A new research report reveals mismatch between Clinical Commissioning Group policies and the reality faced by patients. Patients report doctors being ill-equipped to support them to plan ahead for their future care and treatment.
New research reveals that GPs lack sufficient awareness and understanding of Living Wills, with potentially damaging consequences for patients.
In late 2011/early 2012 Compassion in Dying contacted all Ambulance Trusts in the UK with a Freedom of Information request, which asked questions on their Do Not Attempt Resuscitation (DNAR) policy, end-of-life care registration systems, out-of-hours care and the use of Advance Decisions (formerly known as living wills).
Prompted by callers to the Information Line – who voiced concerns that paramedics might not have access to their Advance Decision – we contacted all Ambulance Trusts in England and Wales to find out what systems they have in place to record patients’ medical treatment preferences in the event that they lose capacity and whether patient preferences are adhered to.
An Analysis of Calls to the Compassion in Dying End-of-Life Rights Information Line was conducted by Loughborough University. This study, which looked at in excess of 200 calls to Compassion in Dying, found that a major barrier to patients exercising choice was doctors’ failure to engage with patients about their Advance Decision and the lack of systems in place to record them.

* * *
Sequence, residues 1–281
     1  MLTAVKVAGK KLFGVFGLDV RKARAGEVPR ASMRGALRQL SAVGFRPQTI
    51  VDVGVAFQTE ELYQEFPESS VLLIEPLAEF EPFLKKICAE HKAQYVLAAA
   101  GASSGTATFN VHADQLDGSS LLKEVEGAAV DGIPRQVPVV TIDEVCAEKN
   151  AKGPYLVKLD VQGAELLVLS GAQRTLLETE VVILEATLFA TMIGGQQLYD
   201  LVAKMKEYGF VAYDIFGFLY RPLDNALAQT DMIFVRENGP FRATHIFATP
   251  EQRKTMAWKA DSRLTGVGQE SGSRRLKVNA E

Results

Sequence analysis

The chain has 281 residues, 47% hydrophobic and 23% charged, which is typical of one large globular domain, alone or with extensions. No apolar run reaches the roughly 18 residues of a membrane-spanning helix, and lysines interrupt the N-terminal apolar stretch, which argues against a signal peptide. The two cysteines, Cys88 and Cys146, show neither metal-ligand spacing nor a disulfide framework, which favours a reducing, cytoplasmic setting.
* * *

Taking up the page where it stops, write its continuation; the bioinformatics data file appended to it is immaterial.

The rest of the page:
We wanted to learn more about whether patient choices at the end of life are respected if set out in an Advance Decision. We conducted a systematic review of research evidence which examined: To what extent are the medical treatment wishes laid out in preference tools respected?
This is a secondary analysis of interviews with patients about their experiences of living with terminal illness, with a view to understanding how they approach decision making at the end of life.
Through our information and outreach services we have supported over 25,000 people to make decisions about their treatment and plan their care. This report shares some of our learning.
New research has revealed that one in five dying patients receive treatment their friends and family say they would not have wanted, with almost half (47%) feeling their loved one had a bad death.